A Malaysian military man who defecated outside the house of a woman he followed home was likely to have lied about his drug use, mental health experts have said.
Muhammad Rizalman Ismail, 39, had pleaded guilty to indecent assault on Monday, the morning his trial was due to begin in the High Court at Wellington after following Tania Billingsley to her home on May 10, 2014.
Two other charges of assault with intent to commit sexual violation and burglary were discharged by Justice David Collins.
Instead a disputed facts hearing was heard on Friday with Rizalman giving his side of the story publically for the first time.
He told the judge that he had only wanted to be friends with her and talk to her about his problems but accepted he had gone into the house without any trousers or underpants.
The Crown case is that Billingsley had been home alone watching a movie in her bedroom when Rizalman came in without his trousers and underwear.
Billingsley looked up and saw him wearing only a shirt and naked from the waist down. She screamed at him to leave. Rizalman put his hands on her shoulders but she managed to push him into the living room then out of the flat before locking him out.
She then locked herself in the bathroom and called police. A flatmate's boyfriend arrived home and challenged Rizalman who was still outside the front door.
Rizalman began walking away but was stopped down the road by the police.
Rizalman had left New Zealand without facing trial after Malaysia invoked diplomatic immunity, in the belief it did so with the New Zealand Government's blessing.
He returned after extradition hearings were filed in Malaysia.
At the time of the attack he had been working at the Malaysian High Commission as a staff assistant to the Malaysian defence advisor.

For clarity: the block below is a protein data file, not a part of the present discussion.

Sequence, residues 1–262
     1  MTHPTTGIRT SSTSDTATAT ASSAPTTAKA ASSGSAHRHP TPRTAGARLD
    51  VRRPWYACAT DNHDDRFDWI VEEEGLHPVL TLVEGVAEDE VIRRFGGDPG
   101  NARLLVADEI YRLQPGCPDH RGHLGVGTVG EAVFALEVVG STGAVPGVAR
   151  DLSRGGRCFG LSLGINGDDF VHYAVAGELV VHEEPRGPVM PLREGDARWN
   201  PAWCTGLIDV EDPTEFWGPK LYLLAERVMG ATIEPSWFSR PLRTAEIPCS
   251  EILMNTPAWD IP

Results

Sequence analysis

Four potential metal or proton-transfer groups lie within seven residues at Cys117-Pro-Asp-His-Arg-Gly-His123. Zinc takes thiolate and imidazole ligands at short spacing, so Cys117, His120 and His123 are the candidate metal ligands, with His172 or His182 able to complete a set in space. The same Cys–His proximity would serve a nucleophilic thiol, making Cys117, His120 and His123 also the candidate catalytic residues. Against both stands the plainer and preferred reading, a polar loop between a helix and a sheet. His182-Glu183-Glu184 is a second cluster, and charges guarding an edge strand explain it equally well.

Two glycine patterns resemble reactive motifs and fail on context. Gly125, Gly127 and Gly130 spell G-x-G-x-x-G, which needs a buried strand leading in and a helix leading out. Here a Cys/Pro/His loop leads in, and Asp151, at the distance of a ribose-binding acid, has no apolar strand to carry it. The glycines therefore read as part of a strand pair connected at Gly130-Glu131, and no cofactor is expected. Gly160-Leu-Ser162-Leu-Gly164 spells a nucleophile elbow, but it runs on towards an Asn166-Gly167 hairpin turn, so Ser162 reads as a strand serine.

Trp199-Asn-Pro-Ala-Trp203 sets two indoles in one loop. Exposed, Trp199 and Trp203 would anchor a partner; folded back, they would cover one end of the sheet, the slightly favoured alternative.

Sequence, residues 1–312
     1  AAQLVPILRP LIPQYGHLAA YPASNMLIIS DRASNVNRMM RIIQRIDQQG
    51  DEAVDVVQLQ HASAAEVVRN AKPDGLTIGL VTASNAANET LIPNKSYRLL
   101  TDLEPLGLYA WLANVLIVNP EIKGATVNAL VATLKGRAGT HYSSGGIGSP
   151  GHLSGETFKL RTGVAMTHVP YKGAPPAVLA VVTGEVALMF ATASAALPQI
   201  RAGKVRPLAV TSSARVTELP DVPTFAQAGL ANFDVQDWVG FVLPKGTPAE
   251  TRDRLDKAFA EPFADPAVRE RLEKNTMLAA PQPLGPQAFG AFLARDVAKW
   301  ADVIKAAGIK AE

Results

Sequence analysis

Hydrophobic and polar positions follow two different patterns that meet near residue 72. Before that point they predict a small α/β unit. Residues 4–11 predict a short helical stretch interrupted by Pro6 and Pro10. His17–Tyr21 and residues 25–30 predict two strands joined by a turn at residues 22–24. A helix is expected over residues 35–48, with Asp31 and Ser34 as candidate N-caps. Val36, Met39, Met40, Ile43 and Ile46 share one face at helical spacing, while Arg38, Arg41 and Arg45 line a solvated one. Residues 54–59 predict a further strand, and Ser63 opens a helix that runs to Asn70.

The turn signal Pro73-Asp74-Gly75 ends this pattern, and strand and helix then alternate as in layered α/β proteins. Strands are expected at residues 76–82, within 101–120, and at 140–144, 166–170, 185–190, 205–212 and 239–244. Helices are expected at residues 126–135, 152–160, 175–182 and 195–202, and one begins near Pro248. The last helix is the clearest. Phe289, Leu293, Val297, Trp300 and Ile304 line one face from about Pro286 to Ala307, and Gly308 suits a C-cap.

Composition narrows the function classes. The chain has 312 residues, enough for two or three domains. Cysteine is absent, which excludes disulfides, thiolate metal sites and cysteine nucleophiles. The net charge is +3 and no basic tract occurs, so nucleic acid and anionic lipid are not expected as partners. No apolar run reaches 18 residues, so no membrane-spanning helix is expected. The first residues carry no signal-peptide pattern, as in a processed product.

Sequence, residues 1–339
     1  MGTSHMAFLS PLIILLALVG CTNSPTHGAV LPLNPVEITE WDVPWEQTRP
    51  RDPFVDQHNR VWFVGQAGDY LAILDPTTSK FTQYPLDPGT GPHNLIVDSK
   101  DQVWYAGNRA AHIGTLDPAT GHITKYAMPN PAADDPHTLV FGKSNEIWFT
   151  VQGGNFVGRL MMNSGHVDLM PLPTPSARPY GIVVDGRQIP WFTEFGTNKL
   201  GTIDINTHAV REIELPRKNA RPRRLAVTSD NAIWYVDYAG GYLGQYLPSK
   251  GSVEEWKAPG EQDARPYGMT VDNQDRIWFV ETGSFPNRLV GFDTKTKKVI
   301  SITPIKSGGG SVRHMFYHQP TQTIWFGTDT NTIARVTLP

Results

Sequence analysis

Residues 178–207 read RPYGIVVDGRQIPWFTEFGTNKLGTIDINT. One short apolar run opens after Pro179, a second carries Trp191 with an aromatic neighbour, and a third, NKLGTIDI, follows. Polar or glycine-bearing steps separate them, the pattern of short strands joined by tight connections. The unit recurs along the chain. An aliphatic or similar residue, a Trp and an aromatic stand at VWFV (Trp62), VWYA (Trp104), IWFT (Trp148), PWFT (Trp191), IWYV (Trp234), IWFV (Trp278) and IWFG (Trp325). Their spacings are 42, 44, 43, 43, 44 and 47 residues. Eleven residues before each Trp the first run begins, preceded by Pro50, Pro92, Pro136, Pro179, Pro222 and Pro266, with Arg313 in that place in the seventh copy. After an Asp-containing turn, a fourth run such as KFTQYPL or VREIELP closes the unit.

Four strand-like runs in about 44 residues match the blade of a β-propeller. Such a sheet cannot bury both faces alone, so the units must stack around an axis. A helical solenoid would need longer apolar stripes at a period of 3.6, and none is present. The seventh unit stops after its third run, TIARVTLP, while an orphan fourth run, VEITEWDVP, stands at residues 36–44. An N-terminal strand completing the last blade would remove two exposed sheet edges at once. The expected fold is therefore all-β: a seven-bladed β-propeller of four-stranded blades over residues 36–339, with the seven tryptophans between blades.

Billingsley waived her right to name suppression.\
Rizalman admitted to Crown prosecutor Grant Burston he believed in black magic and knew of a spell about having a woman fall in love with you if you defecated outside her house.
He also said he thought a superior officer had put a spell on him.
Rizalman agreed he had not told police, or others, about pooing outside the house because he was too embarrassed.
"So the only time you have had an emergency defecation just happens to be in those 30-40 minutes waiting outside this young woman's house?" Burston asked.
"Yes," Rizalman said.
Burston said: "It was the reason you took off your belt and lowered your trousers and underpants outside this young woman's front door on the patio.
"It was more about black magic than about having to go to the toilet in an emergency."
Rizalman said no, but agreed he had bought synthetic cannabis from a Cuba St shop the week before and followed another woman the day before, as well as going to Mermaids Bar.
He told Burston Billingsley had given him a signal and wanted to befriend him which was way he had followed her home.
He said in Malaysian culture if a woman smiled at you she wanted to get to know you better.
Psychologist Professor Graham Mellsop told the judge Rizalman had scored high on the lying and faking scales in a report, meaning he did not always tell the truth and suggested he was exaggerating his symptoms.
He said the only logical conclusion was his problems had come from drug ingestion.
Mellsop said he accepted there were behavioural changes, like Rizalman forgetting the words of a prayer he said five times a day but he attributed them to more regular substance ingestion.
Rizalman's, lawyer Dr Donald Stevens QC, challenged Mellsop's opinions saying Rizalman had been suffering from anxiety and others had seen the changes in his behaviour.
However Mellsop said he did not think Rizalman was in a state of confusion on the day of the incident since he was subsequently able to give detailed explanations of what he said had happened.
Consultant forensic psychiatrist Dr Justin Barry-Walsh also said he felt Rizalman had not been truthful about his drug intake.
The judge has adjourned the case for a week to hear submissions from the lawyers and make a decision.